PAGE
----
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I want to solve equations like this (mod $2^n$):

$$\begin{array}{rcrcrcr} 3x&+&4y&+&13z&=&3&\pmod{16} \\ x&+&5y&+&3z&=&5&\pmod{16} \\ 4x&+&7y&+&11z&=&12&\pmod{16}\end{array}$$

Since we are working over a ring and not a field, Gaussian elimination doesn't work. So how can I still solve these types of equations?

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Gaussian elimination still works for finite rings, but it has to be modified suitably. Mathematica for instance has this: LinearSolve[{{3, 4, 13}, {1, 5, 3}, {4, 7, 11}}, {3, 5, 12}, Modulus -> 16] –  J. M. Dec 1 '10 at 2:18
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@Qiaochu: The link you gave is for Smith normal form over a PID but the OP's ring is not a domain. –  Bill Dubuque Dec 1 '10 at 2:27
    
@Bill: my understanding is that you can still run the algorithm over Z and then take everything mod 16 at the end. Am I wrong? Otherwise, you can fix this by adding a bunch of dummy variables and putting the system 3(x + 16p) + 4(y + 16q) + 13(z + 16r) = 3 + 16s etc. into Smith normal form over Z. –  Qiaochu Yuan Dec 1 '10 at 2:54
    
See also math.stackexchange.com/questions/32759/…. –  joriki Oct 11 '11 at 10:57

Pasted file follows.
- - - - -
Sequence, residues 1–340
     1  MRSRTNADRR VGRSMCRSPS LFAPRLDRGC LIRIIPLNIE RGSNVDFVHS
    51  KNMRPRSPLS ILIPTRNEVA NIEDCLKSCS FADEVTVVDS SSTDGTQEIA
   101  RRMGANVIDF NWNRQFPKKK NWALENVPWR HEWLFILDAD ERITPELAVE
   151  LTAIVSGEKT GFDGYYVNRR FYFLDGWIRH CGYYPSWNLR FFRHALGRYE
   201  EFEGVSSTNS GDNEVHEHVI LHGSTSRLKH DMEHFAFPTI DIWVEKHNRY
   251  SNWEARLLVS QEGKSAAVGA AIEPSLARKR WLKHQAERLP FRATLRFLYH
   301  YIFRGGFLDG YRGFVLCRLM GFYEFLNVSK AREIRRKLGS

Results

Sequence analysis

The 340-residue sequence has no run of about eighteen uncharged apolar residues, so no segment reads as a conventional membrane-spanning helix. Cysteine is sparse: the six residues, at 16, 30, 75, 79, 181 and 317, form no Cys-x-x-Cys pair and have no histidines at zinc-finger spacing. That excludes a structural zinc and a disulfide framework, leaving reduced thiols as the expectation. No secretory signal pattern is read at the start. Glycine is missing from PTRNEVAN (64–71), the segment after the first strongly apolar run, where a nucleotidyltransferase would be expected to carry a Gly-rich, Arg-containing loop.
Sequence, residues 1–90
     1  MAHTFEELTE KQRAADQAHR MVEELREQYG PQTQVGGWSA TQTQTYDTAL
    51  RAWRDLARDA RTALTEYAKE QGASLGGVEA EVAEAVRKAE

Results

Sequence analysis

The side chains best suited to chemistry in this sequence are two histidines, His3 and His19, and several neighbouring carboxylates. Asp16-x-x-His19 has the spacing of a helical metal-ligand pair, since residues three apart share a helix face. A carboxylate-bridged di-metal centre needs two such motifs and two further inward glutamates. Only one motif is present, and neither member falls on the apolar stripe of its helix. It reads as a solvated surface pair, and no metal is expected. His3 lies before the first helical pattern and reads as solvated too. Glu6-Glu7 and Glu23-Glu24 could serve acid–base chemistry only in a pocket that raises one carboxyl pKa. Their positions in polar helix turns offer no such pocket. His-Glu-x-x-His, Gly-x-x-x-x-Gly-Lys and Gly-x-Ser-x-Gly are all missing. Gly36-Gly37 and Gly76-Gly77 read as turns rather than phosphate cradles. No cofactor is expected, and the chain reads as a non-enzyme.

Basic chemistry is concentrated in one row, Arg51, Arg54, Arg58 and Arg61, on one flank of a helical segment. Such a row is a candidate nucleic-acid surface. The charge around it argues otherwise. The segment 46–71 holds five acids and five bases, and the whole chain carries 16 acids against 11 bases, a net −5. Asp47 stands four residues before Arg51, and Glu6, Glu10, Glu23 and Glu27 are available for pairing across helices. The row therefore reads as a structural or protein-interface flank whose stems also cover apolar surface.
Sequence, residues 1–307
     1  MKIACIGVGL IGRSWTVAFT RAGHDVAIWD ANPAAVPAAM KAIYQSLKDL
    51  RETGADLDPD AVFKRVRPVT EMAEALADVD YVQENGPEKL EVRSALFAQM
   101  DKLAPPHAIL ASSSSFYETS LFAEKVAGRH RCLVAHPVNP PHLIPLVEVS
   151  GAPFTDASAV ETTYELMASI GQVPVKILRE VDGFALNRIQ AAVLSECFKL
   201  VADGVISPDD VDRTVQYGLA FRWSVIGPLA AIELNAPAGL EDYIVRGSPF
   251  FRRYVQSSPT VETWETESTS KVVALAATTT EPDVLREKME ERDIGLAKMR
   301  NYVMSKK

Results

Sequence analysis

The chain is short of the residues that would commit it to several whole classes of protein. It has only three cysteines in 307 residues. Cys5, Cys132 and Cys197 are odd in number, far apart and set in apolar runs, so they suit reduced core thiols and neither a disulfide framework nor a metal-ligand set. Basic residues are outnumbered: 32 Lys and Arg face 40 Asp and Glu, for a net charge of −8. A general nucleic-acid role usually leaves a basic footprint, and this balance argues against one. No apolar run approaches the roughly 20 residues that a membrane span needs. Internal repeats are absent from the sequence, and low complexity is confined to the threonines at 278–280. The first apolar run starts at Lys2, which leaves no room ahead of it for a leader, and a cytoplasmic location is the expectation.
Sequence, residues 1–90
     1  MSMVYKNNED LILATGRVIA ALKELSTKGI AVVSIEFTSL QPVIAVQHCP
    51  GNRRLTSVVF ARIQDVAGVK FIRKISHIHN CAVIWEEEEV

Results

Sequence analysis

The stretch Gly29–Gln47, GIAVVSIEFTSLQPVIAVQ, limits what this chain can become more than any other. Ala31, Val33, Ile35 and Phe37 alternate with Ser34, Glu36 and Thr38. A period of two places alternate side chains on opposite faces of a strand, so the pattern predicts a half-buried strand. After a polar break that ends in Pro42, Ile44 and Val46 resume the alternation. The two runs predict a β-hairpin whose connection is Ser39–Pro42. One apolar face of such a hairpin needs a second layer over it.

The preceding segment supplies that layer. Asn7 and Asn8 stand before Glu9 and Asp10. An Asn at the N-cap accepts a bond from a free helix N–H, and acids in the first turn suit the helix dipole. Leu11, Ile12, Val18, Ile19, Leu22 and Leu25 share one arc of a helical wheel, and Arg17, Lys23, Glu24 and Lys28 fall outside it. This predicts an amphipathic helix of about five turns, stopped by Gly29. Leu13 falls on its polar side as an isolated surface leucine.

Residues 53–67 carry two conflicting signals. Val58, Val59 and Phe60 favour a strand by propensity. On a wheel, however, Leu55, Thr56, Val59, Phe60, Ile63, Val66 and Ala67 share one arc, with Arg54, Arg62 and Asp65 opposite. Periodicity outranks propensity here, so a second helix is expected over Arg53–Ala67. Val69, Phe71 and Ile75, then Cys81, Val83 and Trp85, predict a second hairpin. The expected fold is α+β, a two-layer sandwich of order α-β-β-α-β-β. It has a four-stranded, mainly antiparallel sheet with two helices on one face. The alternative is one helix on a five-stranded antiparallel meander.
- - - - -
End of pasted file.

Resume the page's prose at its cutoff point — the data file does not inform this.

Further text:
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2 Answers 2

up vote 6 down vote accepted

You can still use Gaussian elimination as long as you don't "divide" by things that are not relatively prime to the modulus. In this case, you can "divide" by any odd number, and perform all the usual computations. In this case, you can perform Gaussian pretty well: \begin{align*} \left(\begin{array}{ccc|c} 3 & 4 & 13 & 3\\ 1 & 5 & 3 & 5\\ 4 & 7 & 11 & 12 \end{array}\right) &\rightarrow \left(\begin{array}{ccc|c} 1 & 5 & 3 & 5\\ 3 & 4 & 13 & 3\\ 4 & 8 & 11 & 12 \end{array}\right) && \rightarrow \left(\begin{array}{ccr|c} 1 & 5 & 3 & 5\\ 0 & 5 & 4 & 4\\ 0 & 4 & -1 & 8 \end{array}\right)\\ &\rightarrow \left(\begin{array}{ccr|r} 1 & 5 & 3 & 5\\ 0 & 1 & 5 & -4\\ 0 & 4 & -1 & 8 \end{array}\right) &&\rightarrow \left(\begin{array}{ccr|r} 1 & 5 & 3 & 5\\ 0 & 1 & 5 & -4\\ 0 & 0 & 11 & 8 \end{array}\right). \end{align*} So here you get that $11z\equiv 8 \pmod{16}$. Since $11^{-1} \equiv 3\pmod{16}$, this means $z \equiv 24 \equiv 8\pmod{16}$. Then you can backsubstitute and solve. (Assuming I didn't make any mistakes with my modular arithmetic, anyway...)

If you are unlucky enough to get a congruence in which all the coefficients are even, then you can divide through by $2$ and get a congruence modulo $8$ (instead of $16$); that will lead to two solutions modulo $16$ (if you get $x\equiv 4 \pmod{8}$, that means $x\equiv 4 \pmod{16}$ or $x\equiv 8+4=12\pmod{16}$, for instance).

Basically, so long as you are careful, you can certainly do Gaussian elimination. You can even do it over more general rings, through in that case you have to other restrictions on what you can or cannot conclude.

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You basically do Gaussian elimination as usual, although you can get stuck if at some point all coefficients of a variable are, say, even. This just means that you'll have two solutions to that variable. In general, you'll pick the row in which the coefficient has the least power of $2$.

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